The 2013 NFL free agency madness begins March 12. Unfortunately, in the past, it has always been difficult to predict what system(s) a new coaching staff will install. Alas, we live in a new era! Today we will look at three Twitter comments and see if we can find the ‘true’ meaning of what was twitted (tweeted? …twat?).
Henry Melton and Nate Collins:
Marc Trestman and Mel Tucker are switching to a 3-4 defense! Isn’t it obvious? Nate Collins is complaining about all of the snow the North East. Why? Because Nate isn’t supposed to hibernate this off season. Nate is supposed to eat B.J. Raji’s weight worth of eggs and hamburger everyday until he can plug the interior appropriately. Henry Melton, on the other hand, took a much less subtle approach, all but admitting his role will be changing in 2013. Beardownblog.net will be watching twitter in the upcoming weeks to unravel the mystery – will Melton go to a more traditional 4-3 defensive team or will he be able to beef up and become the next Vince Wilfork playing for the Chicago Bears?
The year was 1919. Nobody admits the exact date. The starch business was booming for Augustus Eugene Staley. Usually he had seen himself as a laid back, easy going fellow. But not today! Today was the first time his entire life he was actually nervous. This was the day of the ‘First Annual Super-Duper Secret Meeting of Football Owners and Special Talent Players’. Or, the SDSMFOSTP, if you prefer. All 14 teams were, believe it or not, excited about forming one football league. But before the ‘fathers of football’ would get down to business in some Decatur hotel, they demanded to see Staley’s plant in production. After all, they knew that Staley was working on an experimental mix of his starches and polystyrene. Apparently, this material could be easily formed and shaped, protecting injured and bruised body parts better than cloth and leather. So there they were, about 50 grown men, standing on a catwalk above a huge vat of who-knows-what. Production was loud that day. The football owners and players had a hard time hearing Staley’s explanation, and as they tried to gather ’round, the thin iron railing broke and many of the listeners fell into the vat! Luckily the vat was shallow and no one was hurt. It was quite a sight – all of these young entrepreneurs and athletes wading around and getting fished out of this large vat filled with an itchy, pasty, yellowish goo that smelled faintly of pancakes. The following list is a handful of the people who fell into the vat: Famer Fritz Pollard, Tommy Hughitt, George Halas, Walter Flanigan, Bud Talbott, Jim Thorpe, John E. O’Hearn, Tony Canadeo, John Driscoll, Jack Forsyth, Joseph Carr, and Jimmy Conzelman.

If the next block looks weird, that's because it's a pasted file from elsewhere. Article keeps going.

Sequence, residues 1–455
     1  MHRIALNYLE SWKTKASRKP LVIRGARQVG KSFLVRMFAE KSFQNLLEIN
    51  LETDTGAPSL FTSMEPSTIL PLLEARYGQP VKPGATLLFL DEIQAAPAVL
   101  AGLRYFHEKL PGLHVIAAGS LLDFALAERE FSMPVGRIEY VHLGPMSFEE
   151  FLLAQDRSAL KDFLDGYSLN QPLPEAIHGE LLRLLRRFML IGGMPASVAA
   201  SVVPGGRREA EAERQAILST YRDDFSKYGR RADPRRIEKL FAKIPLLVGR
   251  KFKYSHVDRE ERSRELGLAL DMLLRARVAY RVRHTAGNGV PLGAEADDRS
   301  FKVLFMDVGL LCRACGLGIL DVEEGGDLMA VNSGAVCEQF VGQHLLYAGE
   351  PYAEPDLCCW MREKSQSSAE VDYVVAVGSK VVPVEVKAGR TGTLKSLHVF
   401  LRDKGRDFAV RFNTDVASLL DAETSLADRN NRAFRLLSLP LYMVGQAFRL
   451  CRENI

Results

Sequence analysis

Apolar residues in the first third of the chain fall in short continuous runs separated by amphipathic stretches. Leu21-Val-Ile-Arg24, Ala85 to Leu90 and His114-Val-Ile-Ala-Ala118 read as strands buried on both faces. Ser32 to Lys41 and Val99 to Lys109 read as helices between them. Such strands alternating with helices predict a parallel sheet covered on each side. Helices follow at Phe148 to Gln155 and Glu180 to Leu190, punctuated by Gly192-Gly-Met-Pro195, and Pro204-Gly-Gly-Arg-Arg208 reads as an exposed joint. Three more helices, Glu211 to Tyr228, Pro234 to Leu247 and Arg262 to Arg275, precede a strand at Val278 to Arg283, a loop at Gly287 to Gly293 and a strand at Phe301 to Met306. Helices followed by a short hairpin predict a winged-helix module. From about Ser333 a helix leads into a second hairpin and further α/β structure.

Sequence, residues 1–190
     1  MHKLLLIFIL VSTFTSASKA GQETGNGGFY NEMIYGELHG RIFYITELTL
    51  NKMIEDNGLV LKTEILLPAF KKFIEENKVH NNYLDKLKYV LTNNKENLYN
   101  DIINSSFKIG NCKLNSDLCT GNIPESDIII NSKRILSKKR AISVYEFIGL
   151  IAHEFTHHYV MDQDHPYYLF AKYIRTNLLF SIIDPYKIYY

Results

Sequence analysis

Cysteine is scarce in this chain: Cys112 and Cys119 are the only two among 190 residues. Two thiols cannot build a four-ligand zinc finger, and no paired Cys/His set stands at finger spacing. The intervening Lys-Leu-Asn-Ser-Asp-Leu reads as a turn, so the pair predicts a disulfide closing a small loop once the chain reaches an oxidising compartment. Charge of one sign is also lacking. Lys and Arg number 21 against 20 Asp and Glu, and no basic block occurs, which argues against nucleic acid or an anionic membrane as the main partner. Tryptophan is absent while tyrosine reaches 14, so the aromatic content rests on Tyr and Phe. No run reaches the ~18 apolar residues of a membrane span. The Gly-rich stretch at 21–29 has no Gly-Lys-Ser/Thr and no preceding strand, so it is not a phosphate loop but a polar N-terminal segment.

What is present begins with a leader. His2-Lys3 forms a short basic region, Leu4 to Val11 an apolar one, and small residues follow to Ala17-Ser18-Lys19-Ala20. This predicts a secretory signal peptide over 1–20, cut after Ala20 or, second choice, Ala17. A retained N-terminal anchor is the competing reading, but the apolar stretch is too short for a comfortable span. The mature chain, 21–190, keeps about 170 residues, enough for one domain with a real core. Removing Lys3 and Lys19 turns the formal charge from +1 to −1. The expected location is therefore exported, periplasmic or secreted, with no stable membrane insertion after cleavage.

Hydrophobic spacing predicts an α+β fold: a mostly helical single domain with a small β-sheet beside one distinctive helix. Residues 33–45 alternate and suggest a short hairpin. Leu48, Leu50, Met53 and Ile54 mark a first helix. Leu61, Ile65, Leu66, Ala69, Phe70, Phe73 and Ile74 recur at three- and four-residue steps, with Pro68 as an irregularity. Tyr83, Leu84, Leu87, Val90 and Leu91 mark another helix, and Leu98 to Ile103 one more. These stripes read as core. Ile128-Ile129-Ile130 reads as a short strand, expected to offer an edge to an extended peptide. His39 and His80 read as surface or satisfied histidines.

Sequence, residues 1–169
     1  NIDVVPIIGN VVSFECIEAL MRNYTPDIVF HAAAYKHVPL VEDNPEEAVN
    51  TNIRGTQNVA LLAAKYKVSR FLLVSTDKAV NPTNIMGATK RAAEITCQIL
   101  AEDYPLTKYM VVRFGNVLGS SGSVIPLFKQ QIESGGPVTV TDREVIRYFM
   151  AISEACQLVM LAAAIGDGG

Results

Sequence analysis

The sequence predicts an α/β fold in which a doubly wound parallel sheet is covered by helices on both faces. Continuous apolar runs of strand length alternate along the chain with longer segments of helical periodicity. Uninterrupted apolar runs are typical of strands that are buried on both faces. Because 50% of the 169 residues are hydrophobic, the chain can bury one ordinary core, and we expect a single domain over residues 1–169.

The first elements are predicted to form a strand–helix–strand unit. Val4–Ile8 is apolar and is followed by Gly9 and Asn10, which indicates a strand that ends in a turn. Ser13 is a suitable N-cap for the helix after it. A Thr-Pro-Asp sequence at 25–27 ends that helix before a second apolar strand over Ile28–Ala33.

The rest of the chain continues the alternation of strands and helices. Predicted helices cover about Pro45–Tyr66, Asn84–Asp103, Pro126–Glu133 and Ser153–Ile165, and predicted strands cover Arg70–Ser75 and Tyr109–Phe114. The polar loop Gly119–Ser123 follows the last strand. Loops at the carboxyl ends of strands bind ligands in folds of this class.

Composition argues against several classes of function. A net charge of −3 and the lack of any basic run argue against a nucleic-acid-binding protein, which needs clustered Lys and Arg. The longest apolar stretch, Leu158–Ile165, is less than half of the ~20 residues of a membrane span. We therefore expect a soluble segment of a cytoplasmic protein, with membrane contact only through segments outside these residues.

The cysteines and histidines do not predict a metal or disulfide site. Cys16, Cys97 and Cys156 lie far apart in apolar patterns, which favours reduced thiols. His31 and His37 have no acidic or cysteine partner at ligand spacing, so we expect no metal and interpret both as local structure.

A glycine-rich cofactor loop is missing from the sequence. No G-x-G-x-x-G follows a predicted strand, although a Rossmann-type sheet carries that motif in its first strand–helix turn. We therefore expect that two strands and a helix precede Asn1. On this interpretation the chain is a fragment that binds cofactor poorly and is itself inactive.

After practice one day, weeks after the vat incident, Halas was summoned by by Staley to come examine the new padding coming off the line. Halas didn’t care to much for the production side of business, being in the sales deptartment, but he went as asked. As soon as he entered the plant he could see all of the distress as workers stood staring in disbelief while other workers bounced off each other as they seemed to run in erratic directions. He caught sight of Staley standing near the end of the production line. As the different cuts of “foam” went by on a conveyer the problem was obvious. Sticking out of the small padding pieces were pieces of toupes, hairs, ties, shoestrings, fingernails, and even pieces of a pocket watch! “Ruined!” Staley was yelling. “Throw it all away! From now on we will stick with pancakes and ketchup packets.” George Halas didn’t care how uneven or unprofessional the product looked. He picked up a small oval shaped piece of padding and immediately liked the feel and bounce of the material. He placed the piece of padding on his tail bone (where he landed hard in practice) and instantly felt relief and security for his sore spot. After his pain subsided days later he put the last remaining experimental-prototype-foam padding in the bottom of his football bag and didn’t use it again for five years.
Thanksgiving Day, 1925. Red Grange was complaining to Halas about a sore thigh before his debut game at Cubs Park. Halas quickly provided a pad from his locker and attached to to Grange’s thigh. Grange used the pad for various soft spots untill 1933.
1933-1937 Bronko Nagurski used the polystyrene compound padding for various sore spots.
1939-1950 Sid Luckman donned the SDSMFOSTP padding.
1950s No one is sure what happened to the artifact during this time. Some say Bill George or Doug Atkins may have used it periodically.
1961-1981 It is believed during this time that Iron Mike Ditka never let the special padding leave his body. He wore it everywhere – with the Bears, Eagles, Cowoys. Ditka even had the padding in his possession when Tom Landry hired him as an assistant.
1981-1987 When Ditka arrived to coach the Bears it is believed the artifact was given to Walter Payton who used it daily in practice and games to protect various sore spots.
present: I am not sure how it happened, but Israel Idonije has come across this ancient relic! How else can he spend the time producing and creating comics you can read about here or find time for charity you can read about here? You heard it here first – If Idonije treats Chad Clifton, Phil Loadholt, and Joe Staley like turnstiles – keep an eye on the pads he is wearing (they are mandatory this year).